It is essential that protective eyewear be worn during mixing/loading. The protective eyewear should consist of safety glasses that provide front, brow and temple protection, goggles or a face shield. Workers should be instructed in the correct procedure for the removal of contaminated clothing. Eye wash stations or portable eye wash bottles should be easily accessed by each person engaged in the operation and should be capable of flushing eyes for a minimum of fifteen minutes. At a minimum, a hose and nozzle should be on hand. Routine wash up facilities, equipped with soap, hand cleanser and single use paper towels should be available near the storage area.
Pesticide Spills and other Accidents
An absorbent material such as re-usable gelling agents, vermiculite, clay, pet litter or activated charcoal should be on hand along with a garbage can and shovel to quickly contain and clean up any spills. All discharges to the environment or spills should be recorded. The records should include the date and time of the incident and the cleanup. The Massachusetts Department of Agricultural Resources must be notified within 48 hours if a pesticide spill leads to pollution.
The storage cabinets should be kept locked and the door to the storage area should contain a weather proof sign warning of the existence and danger of pesticides inside. The door should be kept locked. The sign should be visible at a distance of twenty five feet and can contain a notice such as:
DANGER PESTICIDE STORAGE AREA, ALL UNAUTHORIZED PERSONS KEEP OUT, KEEP DOORS LOCKED WHEN NOT IN USE
The sign should be posted in both English and the language or languages understood by workers if this is not English.
Proper disposal of pesticides and their containers is an important phase of pesticide management. An improperly disposed product can be hazardous to people and the environment. Rinse liquid pesticide containers three times when emptied: fill the containers about one-third full and swish it around. Allow the containers to drain well between each rinse (30 or more seconds). The rinse material should be poured into a spray tank and applied to a registered site. Triple-rinsed containers are considered non-hazardous and should be disposed of according to state recommendations. Never reuse an empty pesticide container. If an empty triple-rinsed container cannot be disposed of immediately, store it in a safe, locked area. Before throwing out powders or granular pesticide containers, be sure to remove all contents from the containers.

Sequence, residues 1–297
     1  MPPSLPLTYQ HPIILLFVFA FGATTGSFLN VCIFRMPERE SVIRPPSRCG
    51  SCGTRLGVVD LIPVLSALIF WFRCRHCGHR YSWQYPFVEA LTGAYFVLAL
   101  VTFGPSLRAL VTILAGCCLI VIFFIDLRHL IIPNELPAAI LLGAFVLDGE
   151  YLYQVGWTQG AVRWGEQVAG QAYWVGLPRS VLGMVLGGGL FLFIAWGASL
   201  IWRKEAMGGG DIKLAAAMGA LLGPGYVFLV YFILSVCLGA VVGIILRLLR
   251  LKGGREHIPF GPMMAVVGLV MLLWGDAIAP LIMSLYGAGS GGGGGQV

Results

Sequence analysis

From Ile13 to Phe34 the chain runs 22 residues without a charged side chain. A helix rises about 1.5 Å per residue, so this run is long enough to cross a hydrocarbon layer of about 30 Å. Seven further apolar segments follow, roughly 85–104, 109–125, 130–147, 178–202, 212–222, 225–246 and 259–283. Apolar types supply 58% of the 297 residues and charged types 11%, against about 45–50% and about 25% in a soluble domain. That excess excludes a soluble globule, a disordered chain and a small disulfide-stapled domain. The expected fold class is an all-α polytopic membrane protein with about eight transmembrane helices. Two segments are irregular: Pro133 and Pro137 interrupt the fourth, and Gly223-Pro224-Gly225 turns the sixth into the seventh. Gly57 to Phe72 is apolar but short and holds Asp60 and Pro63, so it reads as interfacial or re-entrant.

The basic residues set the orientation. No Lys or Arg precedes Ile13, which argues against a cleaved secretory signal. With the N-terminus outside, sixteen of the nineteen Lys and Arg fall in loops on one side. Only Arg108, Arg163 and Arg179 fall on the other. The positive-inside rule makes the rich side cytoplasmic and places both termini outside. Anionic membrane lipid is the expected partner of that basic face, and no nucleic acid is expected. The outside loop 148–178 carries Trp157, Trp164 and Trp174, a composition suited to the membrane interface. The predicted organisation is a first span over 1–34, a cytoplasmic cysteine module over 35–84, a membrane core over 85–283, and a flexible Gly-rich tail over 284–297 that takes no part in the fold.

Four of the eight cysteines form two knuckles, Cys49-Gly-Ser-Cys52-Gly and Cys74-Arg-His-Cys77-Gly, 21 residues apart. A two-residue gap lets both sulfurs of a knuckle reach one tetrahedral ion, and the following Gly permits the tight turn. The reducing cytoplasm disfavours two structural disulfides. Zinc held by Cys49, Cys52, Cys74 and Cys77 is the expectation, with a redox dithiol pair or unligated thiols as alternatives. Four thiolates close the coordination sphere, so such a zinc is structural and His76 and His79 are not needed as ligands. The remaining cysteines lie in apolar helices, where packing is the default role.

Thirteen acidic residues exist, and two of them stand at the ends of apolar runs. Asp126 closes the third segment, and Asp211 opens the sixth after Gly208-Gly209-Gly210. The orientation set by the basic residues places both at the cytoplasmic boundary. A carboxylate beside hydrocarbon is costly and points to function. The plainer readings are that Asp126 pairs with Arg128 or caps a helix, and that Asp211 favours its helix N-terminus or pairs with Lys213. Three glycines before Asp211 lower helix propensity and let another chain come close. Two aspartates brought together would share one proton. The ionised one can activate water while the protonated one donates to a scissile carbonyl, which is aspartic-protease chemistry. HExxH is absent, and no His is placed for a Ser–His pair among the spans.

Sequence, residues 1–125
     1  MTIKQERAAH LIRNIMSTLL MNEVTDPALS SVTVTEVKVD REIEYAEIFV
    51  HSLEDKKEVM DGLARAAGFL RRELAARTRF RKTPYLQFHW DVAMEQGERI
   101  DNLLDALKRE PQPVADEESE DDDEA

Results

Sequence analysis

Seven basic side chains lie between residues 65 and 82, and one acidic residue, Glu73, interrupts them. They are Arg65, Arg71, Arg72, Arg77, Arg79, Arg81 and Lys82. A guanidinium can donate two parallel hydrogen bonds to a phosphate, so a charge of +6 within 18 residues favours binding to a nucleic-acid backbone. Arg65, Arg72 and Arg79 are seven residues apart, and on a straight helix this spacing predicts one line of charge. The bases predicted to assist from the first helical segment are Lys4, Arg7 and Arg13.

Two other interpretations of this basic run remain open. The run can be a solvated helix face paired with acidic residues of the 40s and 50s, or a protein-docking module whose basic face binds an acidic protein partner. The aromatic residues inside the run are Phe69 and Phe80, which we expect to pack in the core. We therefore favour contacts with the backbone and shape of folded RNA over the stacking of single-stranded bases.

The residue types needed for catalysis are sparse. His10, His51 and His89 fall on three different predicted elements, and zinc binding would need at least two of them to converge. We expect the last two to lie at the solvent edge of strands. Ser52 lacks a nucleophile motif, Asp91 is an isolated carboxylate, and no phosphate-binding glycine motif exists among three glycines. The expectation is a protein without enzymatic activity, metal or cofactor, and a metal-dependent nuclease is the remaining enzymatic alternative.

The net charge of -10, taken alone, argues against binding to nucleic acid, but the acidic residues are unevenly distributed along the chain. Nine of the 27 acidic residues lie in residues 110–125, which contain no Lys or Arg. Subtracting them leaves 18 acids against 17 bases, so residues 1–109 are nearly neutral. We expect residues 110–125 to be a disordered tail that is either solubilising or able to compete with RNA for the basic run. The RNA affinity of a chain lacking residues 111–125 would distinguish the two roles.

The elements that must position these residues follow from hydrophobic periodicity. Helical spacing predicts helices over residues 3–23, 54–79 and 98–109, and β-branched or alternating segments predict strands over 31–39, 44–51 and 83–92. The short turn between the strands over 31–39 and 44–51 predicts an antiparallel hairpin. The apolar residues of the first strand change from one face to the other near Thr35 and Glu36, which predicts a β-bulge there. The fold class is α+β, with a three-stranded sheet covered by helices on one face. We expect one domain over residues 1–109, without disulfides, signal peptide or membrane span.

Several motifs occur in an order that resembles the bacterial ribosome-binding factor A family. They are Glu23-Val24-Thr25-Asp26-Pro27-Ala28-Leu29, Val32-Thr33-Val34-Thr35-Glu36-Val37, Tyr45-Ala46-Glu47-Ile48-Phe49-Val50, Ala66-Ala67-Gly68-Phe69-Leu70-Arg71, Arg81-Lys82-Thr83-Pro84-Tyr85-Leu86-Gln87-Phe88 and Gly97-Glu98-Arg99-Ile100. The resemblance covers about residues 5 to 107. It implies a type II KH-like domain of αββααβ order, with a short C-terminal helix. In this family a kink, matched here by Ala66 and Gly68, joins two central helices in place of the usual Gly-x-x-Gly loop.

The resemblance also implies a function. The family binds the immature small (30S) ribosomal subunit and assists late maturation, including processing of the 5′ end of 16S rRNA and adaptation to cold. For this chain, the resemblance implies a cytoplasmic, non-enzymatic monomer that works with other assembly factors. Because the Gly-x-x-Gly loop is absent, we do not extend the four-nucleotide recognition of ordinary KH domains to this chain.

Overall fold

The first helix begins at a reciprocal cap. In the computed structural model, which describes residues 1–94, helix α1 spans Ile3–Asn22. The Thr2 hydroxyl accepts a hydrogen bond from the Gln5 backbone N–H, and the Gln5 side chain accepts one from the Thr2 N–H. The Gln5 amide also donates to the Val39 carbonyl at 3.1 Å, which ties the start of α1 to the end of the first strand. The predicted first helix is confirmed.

Plan ahead in preparing spray mixtures! Mix only the amount of pesticide you need to do the job. Left over spray mixture needs to be applied according to the label instructions. When cleaning equipment be sure rinse water will not collect or contaminate groundwater or surface water.
A pesticide product that can no longer be used according to the label instructions because it is no longer registered (or for some other reason) is considered hazardous waste. Applicators are advised to use pesticides in the same year of purchase and to store pesticides properly in order to avoid the accumulation of unusable pesticide products. For current state regulations on pesticide disposal, contact the Massachusetts Department of Agricultural Resources, 617.626.1771. Pesticide Storage and Disposal
Depending on the hazard and the quantities of pesticides and hazardous materials (fertilizers, fuel, etc.) being transported, drivers may need to obtain a Massachusetts Commercial Driver’s License with HazMat and/or Tank Endorsements (please refer to MassRMV website http://www.massrmv.com/). There may be additional requirements for placards, training, and record keeping under the Federal Transportation Regulations (please refer to MDAR website Pesticide Storage and Disposal)
At a minimum the following checklist can be helpful for transporting pesticides
- Driver is a licensed or certified pesticide applicator
- Inspect vehicle for leaks or other problems
- Pesticide containers secured in place
- Pesticide containers stored in a dry and lockable portion of the vehicle but not in the same compartment of driver
- Binder of pesticide labels and MSDS
- Emergency phone numbers
- First aid kit
- Fire Extinguishers
- Cleaning up supplies for spills (kitty litter, shovel, plastic bags, etc)
- PPE (gloves, goggles, coveralls, etc)
- At least 5 gallons of potable water for emergency eye or skin decontamination
- Obey all traffic laws and use signals
- Pesticide Storage Mixing and Loading Guidelines for Applicators
- Pesticide storage and disposal state regulations: Massachusetts Department of Agricultural Resources